Vegan Groups Use Coronavirus to Push Agenda

The coronavirus has, in one way or another, affected everyone across the country, killing thousands and costing millions of jobs. And several animal rights groups have disgustingly turned the coronavirus into a marketing campaign to push their ideology.

With most Americans remaining quarantined, the internet and social media have become essential to survival tools. PETA, Physicians Committee for Responsible Medicine, and others have taken advantage of the situation by attempting to tie the virus meat consumption.

PCRM’s website is littered with blogs and podcasts tying meat consumption to the virus outbreak—an idea that has been disproven. On a recent podcast, the organization equated the exotic animals found in wet markets to everyday farms and livestock processing facilities. In a blog post, PCRM tried to connect whether or not you eat meat to coronavirus mortality rates. Despite PCRM’s name, don’t count on the group for medical advice—only a small percentage of its members are actually medical doctors, and it has been condemned by the American Medical Association in the past. (In fact, its website concedes, “The site does not provide medical or legal advice.”)

PETA has been just as dishonest, if not worse. In a recent blog, we covered how toxic the group’s social media has become as of late. The organization went as far as to suggest meat consumption caused the coronavirus because the word “coronavirus” is an anagram of “carnivorous.” The animal liberation group has also used the situation to attack the use of animal research, despite the fact that trials for coronavirus vaccines and treatments depend upon that very same research. Keep in mind that PETA has attacked charities such as St. Jude Children’s Research Hospital for their support of medical research that uses animals–proving that PETA values rats over finding cures for sick kids.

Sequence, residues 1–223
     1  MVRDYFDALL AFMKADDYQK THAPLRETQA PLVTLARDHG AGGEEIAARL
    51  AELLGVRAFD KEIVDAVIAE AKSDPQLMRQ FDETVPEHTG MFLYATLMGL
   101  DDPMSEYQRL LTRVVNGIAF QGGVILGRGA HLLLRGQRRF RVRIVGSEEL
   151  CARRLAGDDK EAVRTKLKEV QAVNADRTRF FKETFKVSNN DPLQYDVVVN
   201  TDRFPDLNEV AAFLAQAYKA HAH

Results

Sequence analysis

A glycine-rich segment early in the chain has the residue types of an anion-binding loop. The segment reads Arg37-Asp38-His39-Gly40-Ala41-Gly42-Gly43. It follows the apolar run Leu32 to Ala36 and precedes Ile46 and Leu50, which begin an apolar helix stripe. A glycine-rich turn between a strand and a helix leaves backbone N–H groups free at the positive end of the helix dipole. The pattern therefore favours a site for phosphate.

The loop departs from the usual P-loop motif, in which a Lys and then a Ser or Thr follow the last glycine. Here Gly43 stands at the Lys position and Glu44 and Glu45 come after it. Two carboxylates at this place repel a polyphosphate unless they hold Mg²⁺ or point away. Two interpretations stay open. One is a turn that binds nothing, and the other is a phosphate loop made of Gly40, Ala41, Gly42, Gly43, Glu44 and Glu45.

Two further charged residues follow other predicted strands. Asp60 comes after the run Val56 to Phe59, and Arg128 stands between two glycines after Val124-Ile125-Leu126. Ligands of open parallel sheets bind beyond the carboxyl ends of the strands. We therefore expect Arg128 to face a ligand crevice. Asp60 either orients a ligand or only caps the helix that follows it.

Most of the claims being pushed by vegan organizations come from the theory that a Wuhan “wet market” is the origin of the coronavirus. But experts now think that the virus may have actually come from a research lab.

Last week it was announced that U.S. intelligence agencies would look into the possibility that the coronavirus started in a biological lab in Wuhan, China.  While the Chinese government has denied this (go figure), there is solid evidence to the contrary. The Wuhan Institute of Virology is within close range of Wuhan’s wet market. As recently as February, Dr. Botao Xiao, a scientist who previously worked in Wuhan, claimed the virus “probably originated from a laboratory in Wuhan.”

There were also warnings of theory several years ago. In 2017, several experts wrote an article voicing concern over the possibility of pathogens escaping the lab. In 2018, officials from the State Department wrote of safety concerns after visiting the laboratory.  They noted that the lab was conducting hazardous experiments involving coronaviruses from bats. 

Don’t count on PETA, PCRM, or other vegan activists to retract anything even if there’s a smoking gun that the virus came from a lab and not a market. In their world, ideology comes before facts. 

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